In medical programs across the United States and beyond, a number of conditions qualify patients to gain access to medicinal cannabis, from post-traumatic stress disorder to cancer, seizures, and migraines. In addition, many people also use cannabis to relieve symptoms of chronic pain.
In 2021, an estimated 20.9% of U.S. adults, or 51.6 million people, experienced chronic pain, according to the Center for Disease Control and Prevention.
For a bit of perspective on the prevalence of cannabis use for chronic pain, a new study published in The Journal of the American Medical Association found that, among 1,661 individuals with chronic pain in the 36 states with active medical cannabis program in March to April 2022, 31% of adults reported having ever used cannabis to manage their pain, 23.2% reported using cannabis to manage their pain in the past month, and 23.2% used cannabis in the past 30 days.
Although most hemp- and cannabis-based products don’t have FDA approval and more research is needed to fully uncover the potential benefits of the plant medicine, available research and anecdotal evidence suggest that cannabis and its compounds can help to relieve pain and pain-related symptoms.
When considering the best cannabis strains for pain, one important element is its classification, namely if a strain is a sativa, indica, or hybrid. While there’s admittedly a lot more to cannabis, some classifications tend to be more effective at treating certain symptoms than others.
So, when it comes to managing pain, is sativa or indica the better choice? Keep reading to learn how to scope out the best marijuana for pain!
- Cannabis and hemp strains are typically separated into sativa, indica, and hybrid classifications.
- Indica and sativa strains have their own unique physical characteristics, along with unique physiological effects.
- Indica strains tend to be the best weed for pain, but don’t write off every hybrid or sativa, either.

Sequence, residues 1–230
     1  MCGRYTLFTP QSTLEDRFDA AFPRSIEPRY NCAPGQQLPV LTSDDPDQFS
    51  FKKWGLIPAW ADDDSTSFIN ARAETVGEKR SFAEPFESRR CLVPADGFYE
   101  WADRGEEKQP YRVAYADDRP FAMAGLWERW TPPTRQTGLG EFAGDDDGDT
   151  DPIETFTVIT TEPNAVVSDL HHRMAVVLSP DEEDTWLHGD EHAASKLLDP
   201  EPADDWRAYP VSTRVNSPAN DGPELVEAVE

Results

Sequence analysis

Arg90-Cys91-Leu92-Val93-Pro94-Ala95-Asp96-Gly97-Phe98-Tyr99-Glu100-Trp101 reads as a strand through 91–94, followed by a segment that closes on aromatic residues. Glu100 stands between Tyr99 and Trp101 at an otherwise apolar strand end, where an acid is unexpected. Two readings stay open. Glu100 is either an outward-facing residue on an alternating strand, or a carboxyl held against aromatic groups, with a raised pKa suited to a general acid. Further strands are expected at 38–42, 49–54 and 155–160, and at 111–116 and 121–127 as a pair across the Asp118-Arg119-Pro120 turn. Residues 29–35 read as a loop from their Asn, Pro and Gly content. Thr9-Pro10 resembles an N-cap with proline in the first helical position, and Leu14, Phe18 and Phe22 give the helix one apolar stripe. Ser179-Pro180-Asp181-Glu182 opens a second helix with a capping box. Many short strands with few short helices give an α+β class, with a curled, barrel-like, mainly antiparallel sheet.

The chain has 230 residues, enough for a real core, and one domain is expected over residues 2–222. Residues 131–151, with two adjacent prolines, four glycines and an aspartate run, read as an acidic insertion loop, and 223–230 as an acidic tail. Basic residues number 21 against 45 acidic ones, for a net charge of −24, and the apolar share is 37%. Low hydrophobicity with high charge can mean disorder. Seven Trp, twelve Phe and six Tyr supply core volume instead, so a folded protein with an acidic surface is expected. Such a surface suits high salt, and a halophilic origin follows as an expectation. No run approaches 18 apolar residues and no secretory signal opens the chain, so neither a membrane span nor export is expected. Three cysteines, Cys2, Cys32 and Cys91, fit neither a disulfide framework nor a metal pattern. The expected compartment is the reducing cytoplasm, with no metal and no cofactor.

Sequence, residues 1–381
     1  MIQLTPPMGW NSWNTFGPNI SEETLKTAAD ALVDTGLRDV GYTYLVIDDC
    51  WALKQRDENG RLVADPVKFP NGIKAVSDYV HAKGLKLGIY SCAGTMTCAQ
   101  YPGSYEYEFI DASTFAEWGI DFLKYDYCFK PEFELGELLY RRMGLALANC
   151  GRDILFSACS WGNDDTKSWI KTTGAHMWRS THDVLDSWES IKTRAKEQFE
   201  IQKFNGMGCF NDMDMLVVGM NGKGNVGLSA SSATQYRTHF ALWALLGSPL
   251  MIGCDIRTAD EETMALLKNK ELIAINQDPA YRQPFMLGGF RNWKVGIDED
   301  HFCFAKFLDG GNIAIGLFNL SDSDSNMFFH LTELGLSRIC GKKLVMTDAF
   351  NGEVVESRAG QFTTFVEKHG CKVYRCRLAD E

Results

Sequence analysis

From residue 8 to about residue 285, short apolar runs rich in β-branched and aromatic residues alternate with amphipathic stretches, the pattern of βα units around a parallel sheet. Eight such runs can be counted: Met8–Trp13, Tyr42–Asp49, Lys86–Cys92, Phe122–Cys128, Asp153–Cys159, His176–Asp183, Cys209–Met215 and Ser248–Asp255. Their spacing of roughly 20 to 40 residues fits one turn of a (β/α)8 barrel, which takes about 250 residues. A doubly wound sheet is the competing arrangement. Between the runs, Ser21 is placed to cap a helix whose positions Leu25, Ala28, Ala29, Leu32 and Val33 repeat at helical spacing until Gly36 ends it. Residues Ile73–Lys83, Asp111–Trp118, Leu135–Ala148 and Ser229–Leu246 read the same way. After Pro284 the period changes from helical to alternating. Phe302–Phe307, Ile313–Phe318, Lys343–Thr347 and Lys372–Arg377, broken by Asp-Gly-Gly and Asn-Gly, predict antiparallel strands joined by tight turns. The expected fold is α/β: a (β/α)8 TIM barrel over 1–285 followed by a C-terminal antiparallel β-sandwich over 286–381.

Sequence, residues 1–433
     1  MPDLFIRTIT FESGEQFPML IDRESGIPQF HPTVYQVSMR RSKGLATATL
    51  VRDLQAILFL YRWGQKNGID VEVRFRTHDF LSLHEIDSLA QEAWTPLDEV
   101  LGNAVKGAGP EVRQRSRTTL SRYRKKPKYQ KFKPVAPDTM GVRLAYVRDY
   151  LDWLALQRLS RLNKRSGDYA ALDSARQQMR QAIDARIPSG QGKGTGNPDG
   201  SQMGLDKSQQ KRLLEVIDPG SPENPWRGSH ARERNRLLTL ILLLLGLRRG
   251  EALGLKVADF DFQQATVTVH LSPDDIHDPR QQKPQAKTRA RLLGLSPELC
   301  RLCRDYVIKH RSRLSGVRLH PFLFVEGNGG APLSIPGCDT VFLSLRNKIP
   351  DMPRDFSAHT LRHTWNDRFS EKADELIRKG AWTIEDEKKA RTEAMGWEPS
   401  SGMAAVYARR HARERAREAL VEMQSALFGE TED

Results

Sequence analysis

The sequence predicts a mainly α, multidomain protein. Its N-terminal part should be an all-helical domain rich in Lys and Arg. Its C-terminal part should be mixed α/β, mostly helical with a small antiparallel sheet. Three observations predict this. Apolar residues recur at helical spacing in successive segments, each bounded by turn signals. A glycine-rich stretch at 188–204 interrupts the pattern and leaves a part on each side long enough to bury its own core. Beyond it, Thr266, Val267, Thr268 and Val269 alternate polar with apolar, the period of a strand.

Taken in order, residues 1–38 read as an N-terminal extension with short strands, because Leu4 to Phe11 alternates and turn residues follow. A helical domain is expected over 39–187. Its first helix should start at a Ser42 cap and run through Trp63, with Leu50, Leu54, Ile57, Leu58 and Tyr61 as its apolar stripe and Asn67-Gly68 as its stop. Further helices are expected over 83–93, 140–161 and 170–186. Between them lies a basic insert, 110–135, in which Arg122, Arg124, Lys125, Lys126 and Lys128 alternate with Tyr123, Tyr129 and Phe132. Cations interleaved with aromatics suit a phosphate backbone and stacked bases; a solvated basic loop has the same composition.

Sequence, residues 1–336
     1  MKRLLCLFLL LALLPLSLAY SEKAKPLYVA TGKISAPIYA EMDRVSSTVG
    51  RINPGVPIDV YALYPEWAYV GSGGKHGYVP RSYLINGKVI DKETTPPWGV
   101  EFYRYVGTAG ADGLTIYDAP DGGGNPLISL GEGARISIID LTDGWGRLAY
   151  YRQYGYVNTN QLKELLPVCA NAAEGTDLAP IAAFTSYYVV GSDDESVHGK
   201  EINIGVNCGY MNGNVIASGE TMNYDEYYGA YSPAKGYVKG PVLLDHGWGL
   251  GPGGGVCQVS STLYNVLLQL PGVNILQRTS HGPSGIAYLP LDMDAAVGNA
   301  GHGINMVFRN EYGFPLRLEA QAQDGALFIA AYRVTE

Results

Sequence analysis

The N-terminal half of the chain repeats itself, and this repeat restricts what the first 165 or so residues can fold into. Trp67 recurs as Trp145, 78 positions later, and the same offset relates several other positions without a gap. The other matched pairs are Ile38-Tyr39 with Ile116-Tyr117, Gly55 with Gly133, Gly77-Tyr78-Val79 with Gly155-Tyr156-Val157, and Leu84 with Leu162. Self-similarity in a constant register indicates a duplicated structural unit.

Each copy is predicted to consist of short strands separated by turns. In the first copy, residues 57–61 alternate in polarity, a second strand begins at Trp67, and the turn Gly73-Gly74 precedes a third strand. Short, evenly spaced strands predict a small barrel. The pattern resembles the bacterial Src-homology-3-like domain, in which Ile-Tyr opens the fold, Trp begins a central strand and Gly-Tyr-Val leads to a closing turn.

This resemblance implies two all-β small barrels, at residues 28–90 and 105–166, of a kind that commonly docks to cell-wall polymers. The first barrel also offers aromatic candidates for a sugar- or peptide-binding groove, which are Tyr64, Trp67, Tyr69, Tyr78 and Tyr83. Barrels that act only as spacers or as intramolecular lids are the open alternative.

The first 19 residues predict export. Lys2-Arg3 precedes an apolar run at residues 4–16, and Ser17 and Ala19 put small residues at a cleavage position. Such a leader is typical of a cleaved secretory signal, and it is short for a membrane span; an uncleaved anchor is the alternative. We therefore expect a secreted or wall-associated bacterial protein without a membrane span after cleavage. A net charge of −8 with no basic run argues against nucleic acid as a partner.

- Classification can tell you a lot about a strain, but cannabinoid content, terpenes, and the specific strain and its lineage can also inform pain-relieving effects.
Indica vs. Sativa
You’ll generally find cannabis and hemp strains labeled as sativa, indica, or hybrid. Sativa and indica strains tend to differ both in their appearance and also in their physiological effects. That means you can typically expect distinct effects from sativa strains versus their indica counterparts.
As far as looks go, indica plants are typically short and stocky, with broad leaves. Sativas, on the other hand, are generally taller, with skinnier leaves and sometimes have a somewhat lanky appearance.
When looking at effects, sativas are known to generally encourage an uplifting high focused in the head. This feeling usually manifests with increased alertness, creativity, energy, and a cerebral feeling of euphoria. For this reason, many people consider sativas ideal for daytime use.
Indicas usually fall on the other side of the spectrum, encouraging more of a body high, stimulating appetite, also good for relaxation and sleep. Given these effects, many consumers use indica strains in the evening or at night.
Which brings us to the question at hand: Should you go with an indica or sativa for pain?
Is Indica or Sativa Better for Pain Relief?
In the search for the best strain for pain, you guessed it — indicas are often the best strains for pain relief. And it makes sense! Indica strains often have more sedating, body-focused effects that can be especially suited to help with pain relief.
The uplifting attributes of sativas make it great for assisting with mood, increasing energy, and enhancing focus, though using sativa for pain is not uncommon.
It’s important to understand that not every sativa or indica is exactly the same. There are some sativas that are more mellow and some indicas that are more energizing. Cannabis is complex, and there’s a lot more to consider than simply a sativa, indica, or hybrid classification.